What Every Gambler Knows.
Sometimes I am a ridiculous person.
Actually, I’ve pretty much been a ridiculous person for the last ten years.
Since the time I met Justin and especially since we got married, I have been driven — nay, consumed — by the idea of living somewhere overseas. Everyone knows this. Justin knows it. My parents know it. His parents know it. Probably my postwoman knows it, and basically every person with whom I’ve ever come into verbal contact knows it.
Frankly, I’m like that pregnant girl who can suddenly speak of nothing but the various methods of child rearing and wrapping and feeding, only I speak of orders and packing and leaving and I’ve been pregnant for ten years.
I feed off of any information I can gather from friends who are there, living in that elusive world of beer festivals and Mediterranean cruises and daily access to the pineapple ice cream at the DOLE plantation, and I envy the people I meet who are going.
Oh, you went to Prague last weekend? How nice. No, I’ve never been. But soon! When we’re stationed in Germany, it will be just a train ride away. No, we don’t have orders. But we’re hoping really hard. That counts, right?
Oh, you’re having a garage sale because you’re moving to England? How nice. NO, I don’t want your crap because I’m pretty sure we’re moving there, too. Eventually. No, we don’t have orders. But we’re hoping really hard. That counts, right?
What’s worse is that nearly my every thought and subsequent decision is somehow related to this move that’s certainly potential but not guaranteed.
We probably should reign in our kitchen gadget impulse purchases, because there’s no way we’ll squeeze all of this into a tiny kitchen overseas. Really? We have to start feeding Capone a special urinary crystal dissolving dog food? How will we find that overseas? It’s dumb to invest in a lumbar-supportive foam core mattress right now, because who wants to lug that overseas?
The humiliating truth?
This is beyond obsession.
The Buddha believed that desire is the root of all suffering.
And think about it: Every time you’ve been unhappy — every time you’ve felt like flailing around on the floor and throwing a good, old-fashioned tantrum — it’s because you’ve wanted something — the world, a person, a situation, your mood — to be different from what it is in that very moment. And meanwhile, that moment gets missed. It’s passed over like a sad little mutt in the pet store window, and why?
Because you were waiting for something better to come along.
And the craziest aspect of this logic is that “better” isn’t guaranteed. And it certainly isn’t guaranteed to last.
It’s hard to admit, but my desire has caused an exorbitant amount of suffering. Not just for myself, but for the people who constantly have to hear about it. And especially for Justin, who feels primarily responsible for it. A series of professional career decisions not granted to many within the military led to our commitment of over six years to a sedentary lifestyle. Six years of the same roads, the same grocery stores, the same radio stations. Six years that were great for his career, but not so great for someone whose biggest fear is stagnancy. Six years that I let pass in a blink because, while I knew it was the right decision for us at the time, I was still waiting for something better to come along.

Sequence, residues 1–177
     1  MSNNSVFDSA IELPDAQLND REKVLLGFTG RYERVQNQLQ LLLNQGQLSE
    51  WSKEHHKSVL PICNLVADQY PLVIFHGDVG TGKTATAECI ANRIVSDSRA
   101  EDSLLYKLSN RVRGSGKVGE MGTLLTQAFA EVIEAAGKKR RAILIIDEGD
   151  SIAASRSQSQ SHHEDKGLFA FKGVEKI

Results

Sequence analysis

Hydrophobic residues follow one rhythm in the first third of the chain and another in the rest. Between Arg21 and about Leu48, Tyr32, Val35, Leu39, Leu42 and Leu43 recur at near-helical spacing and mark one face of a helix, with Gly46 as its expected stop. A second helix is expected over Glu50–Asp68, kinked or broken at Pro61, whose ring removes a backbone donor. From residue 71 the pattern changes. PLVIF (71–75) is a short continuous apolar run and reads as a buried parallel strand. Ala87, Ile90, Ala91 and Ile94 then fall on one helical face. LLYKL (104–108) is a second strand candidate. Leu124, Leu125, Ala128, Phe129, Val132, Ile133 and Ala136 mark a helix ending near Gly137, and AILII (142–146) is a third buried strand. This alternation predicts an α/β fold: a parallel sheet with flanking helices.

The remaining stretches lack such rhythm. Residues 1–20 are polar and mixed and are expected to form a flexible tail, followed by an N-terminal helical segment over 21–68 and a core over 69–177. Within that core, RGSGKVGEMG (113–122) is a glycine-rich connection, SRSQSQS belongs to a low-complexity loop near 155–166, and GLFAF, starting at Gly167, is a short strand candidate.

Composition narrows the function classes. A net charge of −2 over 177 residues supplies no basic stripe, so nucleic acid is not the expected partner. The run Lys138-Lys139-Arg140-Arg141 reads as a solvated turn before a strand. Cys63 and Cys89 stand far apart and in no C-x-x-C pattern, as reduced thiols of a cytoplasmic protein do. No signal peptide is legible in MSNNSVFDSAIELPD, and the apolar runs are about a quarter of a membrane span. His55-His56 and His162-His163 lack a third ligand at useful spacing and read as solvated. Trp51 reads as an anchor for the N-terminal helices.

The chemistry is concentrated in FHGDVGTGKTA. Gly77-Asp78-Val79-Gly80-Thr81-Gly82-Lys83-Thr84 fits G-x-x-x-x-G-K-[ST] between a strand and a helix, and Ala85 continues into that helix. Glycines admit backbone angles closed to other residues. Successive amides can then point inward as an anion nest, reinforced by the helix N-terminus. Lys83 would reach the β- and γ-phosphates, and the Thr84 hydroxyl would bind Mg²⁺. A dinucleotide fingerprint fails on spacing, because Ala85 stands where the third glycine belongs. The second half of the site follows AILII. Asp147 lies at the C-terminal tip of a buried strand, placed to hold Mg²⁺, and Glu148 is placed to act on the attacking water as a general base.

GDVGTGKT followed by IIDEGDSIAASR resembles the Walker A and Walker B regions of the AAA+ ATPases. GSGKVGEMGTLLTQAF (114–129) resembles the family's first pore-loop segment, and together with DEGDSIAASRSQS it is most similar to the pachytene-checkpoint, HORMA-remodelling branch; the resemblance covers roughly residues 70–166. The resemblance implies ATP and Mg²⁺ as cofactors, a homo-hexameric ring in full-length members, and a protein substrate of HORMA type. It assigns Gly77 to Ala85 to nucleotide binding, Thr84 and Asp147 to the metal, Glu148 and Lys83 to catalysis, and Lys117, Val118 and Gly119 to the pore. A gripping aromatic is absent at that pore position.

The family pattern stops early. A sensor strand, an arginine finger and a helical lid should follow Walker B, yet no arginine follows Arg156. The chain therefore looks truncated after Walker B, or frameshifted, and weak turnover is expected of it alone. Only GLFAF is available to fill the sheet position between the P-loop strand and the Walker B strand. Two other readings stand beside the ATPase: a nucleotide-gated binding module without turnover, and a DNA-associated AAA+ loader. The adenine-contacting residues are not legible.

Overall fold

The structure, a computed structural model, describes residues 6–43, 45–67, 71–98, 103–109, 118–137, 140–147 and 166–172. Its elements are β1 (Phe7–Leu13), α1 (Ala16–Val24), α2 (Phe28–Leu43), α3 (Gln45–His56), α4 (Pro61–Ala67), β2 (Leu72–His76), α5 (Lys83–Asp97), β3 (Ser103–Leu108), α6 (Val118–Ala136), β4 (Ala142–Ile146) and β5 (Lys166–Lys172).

So this year, we opted to not stay here. It’s a complete gamble.
According to Kenny Rogers, every gambler knows that the secret to surviving this messy, confusing world of ours is knowing what to throw away and knowing what to keep.
It turns out what I need to throw away, my friends, is expectation. Not goals, not ambition, but the general expectation that my life should be something other than what it currently is. Because I’ve got all of these aces up in my hand that I barely even notice. My husband. My health. My family and my drive and my worldful of friends. I’ve been sitting at the table, shamelessly counting all of my expectations right in front of everyone, which is exactly what Kenny tells us not to do. Because when we do that, we miss it.
We miss the entire, breathtaking game.
I spent most of my twenties gambling all wrong — assuming that just because we weren’t dealt what I’d wanted, it must be a losing hand. But that’s not the way to play. Because what if we don’t get orders overseas? What if they send us to North Dakota or Oklahoma or Georgia instead? Do I lose that hand, too? Do I skulk away with embarrassment and regret and blink away another six years? Or do I learn to play it right?
The hard-to-swallow philosophical truth is that they already have sent us wherever we’ll go.
It just hasn’t happened yet.
What desires have caused you to suffer and what expectations can you learn to let go? Have you skipped over parts of your life because you wished it was different? Or have you learned how to play?